Tuesday, March 01, 2011

E-Book Pricing: This Will Not Stand


A book chosen at random from the coming week's New York Times mass market paperback fiction best-seller list: The Midnight House, by Alex Berenson. Haven't read it. Don't know if I ever will. That's not what this is about. Here's what this is about:

Mass market paperback cover price: $9.99
Amazon Kindle e-book price: $8.99
Borders e-book price: $8.99
Barnes and Noble e-book price: $8.99

Materials cost of an e-book: $0
Printing cost of an e-book: $0
Storage/warehousing cost of an e-book: $0
Shipping cost of an e-book: $0

Okay, not exactly $0. There's hard drive storage space, bandwidth, etc. But the efficient cost of storing/downloading a single copy of an e-book is damn close to $0.

Another difference between paperbacks and e-books is returns. Send 50 copies of Midnight House to Wal-Mart, and the publisher may get 25 ripped-off covers of copies that didn't sell sent back for a refund of the wholesale price. An e-book that's sold generally stays sold.

And yet e-book prices hover around (and sometimes exceed!) paperback prices.

Why? Because you're willing to pay those prices. If you weren't willing to pay those prices, those prices would come down.

How far down? Well, as far down as they can come and still bring in a profit for the seller. And the seller would continue to produce e-books as long as they continued to produce a better profit than he thinks producing something else would.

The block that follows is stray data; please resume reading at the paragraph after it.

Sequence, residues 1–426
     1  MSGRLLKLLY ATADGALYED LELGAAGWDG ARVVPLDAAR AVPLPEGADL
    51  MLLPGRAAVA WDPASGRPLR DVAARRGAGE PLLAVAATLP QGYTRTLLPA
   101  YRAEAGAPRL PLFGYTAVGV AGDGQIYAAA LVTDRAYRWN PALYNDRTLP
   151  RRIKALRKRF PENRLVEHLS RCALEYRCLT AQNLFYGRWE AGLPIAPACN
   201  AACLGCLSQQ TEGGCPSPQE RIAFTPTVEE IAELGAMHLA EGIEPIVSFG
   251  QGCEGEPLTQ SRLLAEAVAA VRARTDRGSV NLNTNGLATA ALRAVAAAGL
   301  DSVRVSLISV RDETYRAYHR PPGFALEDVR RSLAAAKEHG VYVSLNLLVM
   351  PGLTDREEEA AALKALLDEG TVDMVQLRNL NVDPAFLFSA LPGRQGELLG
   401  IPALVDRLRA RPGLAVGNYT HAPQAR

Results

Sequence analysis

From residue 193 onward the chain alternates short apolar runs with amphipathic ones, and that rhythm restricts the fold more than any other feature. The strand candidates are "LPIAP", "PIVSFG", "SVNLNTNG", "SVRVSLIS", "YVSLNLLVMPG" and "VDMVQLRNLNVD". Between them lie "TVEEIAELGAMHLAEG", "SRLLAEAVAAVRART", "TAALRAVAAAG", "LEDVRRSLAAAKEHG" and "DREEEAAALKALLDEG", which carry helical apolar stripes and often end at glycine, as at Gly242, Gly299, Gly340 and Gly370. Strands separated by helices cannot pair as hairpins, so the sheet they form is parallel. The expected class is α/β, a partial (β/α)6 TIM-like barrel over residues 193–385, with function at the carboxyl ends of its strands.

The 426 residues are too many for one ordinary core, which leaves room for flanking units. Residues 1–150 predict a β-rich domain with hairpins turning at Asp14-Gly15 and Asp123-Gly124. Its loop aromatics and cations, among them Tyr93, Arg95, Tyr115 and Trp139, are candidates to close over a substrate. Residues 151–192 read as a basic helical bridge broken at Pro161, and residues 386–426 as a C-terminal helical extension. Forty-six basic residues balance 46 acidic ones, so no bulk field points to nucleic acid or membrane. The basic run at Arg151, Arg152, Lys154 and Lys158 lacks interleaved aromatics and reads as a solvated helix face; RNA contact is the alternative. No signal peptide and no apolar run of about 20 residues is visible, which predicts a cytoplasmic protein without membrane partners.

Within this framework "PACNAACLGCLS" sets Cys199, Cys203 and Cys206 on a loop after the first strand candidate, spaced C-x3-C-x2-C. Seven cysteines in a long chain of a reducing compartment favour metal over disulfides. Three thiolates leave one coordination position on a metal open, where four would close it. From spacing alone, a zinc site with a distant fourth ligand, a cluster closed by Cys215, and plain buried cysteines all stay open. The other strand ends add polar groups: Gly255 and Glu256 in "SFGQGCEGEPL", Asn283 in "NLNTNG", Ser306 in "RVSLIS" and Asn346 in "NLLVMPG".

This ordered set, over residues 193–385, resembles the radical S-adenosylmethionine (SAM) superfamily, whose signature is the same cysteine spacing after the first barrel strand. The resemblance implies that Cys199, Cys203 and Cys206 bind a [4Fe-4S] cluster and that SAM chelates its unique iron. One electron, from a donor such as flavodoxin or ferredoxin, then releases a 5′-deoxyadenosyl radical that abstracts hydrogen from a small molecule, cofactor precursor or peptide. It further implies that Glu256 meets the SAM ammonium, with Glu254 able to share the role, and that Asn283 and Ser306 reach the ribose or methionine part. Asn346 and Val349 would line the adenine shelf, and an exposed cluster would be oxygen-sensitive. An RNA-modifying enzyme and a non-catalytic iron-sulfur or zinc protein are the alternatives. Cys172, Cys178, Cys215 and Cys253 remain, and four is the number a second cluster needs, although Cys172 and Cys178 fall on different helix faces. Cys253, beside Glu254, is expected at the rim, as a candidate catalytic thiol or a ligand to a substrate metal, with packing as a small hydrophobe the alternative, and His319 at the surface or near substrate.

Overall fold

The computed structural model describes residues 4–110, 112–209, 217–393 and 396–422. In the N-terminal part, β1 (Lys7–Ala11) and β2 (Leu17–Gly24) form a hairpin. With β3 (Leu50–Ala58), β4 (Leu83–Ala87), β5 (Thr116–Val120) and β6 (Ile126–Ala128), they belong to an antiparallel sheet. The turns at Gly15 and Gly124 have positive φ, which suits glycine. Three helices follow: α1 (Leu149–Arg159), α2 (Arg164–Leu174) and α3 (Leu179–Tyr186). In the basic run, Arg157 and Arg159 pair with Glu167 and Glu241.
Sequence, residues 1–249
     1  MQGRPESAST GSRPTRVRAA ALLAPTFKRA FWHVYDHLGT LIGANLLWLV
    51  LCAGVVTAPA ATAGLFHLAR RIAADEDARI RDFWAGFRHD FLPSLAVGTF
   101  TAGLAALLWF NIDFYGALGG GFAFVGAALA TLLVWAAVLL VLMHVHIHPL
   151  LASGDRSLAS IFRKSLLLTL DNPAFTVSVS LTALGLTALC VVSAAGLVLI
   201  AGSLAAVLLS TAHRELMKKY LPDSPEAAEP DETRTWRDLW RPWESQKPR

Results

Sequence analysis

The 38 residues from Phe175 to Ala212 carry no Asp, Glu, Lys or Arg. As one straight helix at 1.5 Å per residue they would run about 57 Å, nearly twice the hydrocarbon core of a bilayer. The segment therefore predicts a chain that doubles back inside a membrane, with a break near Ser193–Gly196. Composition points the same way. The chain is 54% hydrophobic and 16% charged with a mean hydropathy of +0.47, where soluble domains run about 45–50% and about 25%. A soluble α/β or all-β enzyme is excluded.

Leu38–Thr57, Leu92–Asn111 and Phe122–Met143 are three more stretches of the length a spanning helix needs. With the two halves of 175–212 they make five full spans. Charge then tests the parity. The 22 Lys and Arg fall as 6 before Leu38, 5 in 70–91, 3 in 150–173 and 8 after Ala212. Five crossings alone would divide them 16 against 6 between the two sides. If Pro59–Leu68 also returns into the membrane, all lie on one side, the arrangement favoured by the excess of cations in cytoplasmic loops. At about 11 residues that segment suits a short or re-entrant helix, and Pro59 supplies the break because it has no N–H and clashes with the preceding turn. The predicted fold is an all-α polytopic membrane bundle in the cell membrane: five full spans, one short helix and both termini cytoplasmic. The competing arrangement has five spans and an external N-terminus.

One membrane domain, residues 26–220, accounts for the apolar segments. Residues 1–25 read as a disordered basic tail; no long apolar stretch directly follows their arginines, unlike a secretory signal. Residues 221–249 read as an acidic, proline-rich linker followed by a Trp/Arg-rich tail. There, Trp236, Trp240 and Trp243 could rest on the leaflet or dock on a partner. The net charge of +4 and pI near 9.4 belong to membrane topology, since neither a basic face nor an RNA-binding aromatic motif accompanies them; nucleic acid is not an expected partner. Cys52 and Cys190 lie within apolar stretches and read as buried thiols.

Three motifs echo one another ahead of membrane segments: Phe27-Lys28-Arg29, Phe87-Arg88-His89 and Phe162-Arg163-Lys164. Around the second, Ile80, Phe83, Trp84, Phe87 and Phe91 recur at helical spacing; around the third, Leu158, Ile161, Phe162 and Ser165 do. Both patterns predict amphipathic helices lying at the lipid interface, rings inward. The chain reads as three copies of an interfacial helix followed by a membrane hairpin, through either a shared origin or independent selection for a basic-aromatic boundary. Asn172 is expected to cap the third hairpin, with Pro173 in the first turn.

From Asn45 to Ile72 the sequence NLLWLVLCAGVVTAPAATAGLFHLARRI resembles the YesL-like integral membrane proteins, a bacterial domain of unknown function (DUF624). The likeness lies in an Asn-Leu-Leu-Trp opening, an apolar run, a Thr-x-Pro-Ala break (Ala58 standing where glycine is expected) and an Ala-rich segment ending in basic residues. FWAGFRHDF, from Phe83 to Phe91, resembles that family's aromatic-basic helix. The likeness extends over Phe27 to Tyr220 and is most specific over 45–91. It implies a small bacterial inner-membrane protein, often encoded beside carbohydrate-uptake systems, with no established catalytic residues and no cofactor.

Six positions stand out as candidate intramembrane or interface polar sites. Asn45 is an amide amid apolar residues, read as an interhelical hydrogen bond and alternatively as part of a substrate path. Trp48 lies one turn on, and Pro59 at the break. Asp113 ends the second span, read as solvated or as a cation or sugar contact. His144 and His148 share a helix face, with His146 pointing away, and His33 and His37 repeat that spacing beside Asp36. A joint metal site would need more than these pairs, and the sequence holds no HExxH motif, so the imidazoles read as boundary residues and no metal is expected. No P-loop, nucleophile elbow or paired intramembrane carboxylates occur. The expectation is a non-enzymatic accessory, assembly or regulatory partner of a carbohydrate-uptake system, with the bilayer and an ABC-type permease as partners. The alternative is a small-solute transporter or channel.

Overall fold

A little Googling says that the average author's royalty on book sales is somewhere in the range of $1 to $1.20 per copy. I don't know anyone who doesn't want authors to get paid for their work. I'd like to see them get paid more than $1-$1.20 a copy, actually.

And yes, even absent dead-tree considerations, a publisher still has costs. An editor has to evaluate the book, decide whether or not to publish it, and work with the author to make such changes as are required to get it "there" for publication. The author usually receives an advance on royalties, which means some of the publisher's money is put at risk. There are overhead and administrative costs (data entry/formatting/cataloging, etc.). And that storage and bandwidth and such. There are affiliate commissions. And so on, and so forth.

Still, it seems to me that as a stand-alone operation -- i.e. if the e-book sales are not expected to subsidize hardcover and paperback losses -- an e-book that sells at all well for $5 a pop should produce a fat profit.

The obvious exceptions are titles like textbooks: Books with a limited market but whose readers really, really have to have them and will pay whatever it costs to get them.

For "normal" e-books, the $8-$11 pricing scheme that seems to prevail at the moment looks like it was intentionally designed to encourage bootleg/pirate epubs.

Assuming that DMCA, DRM and all the other schemes to crush that phenomenon fail miserably -- and that's a very safe assumption -- I predict a $4.99-$5.99 price point (in March 1, 2011 dollars) for "current catalog" mass market e-books within two years.

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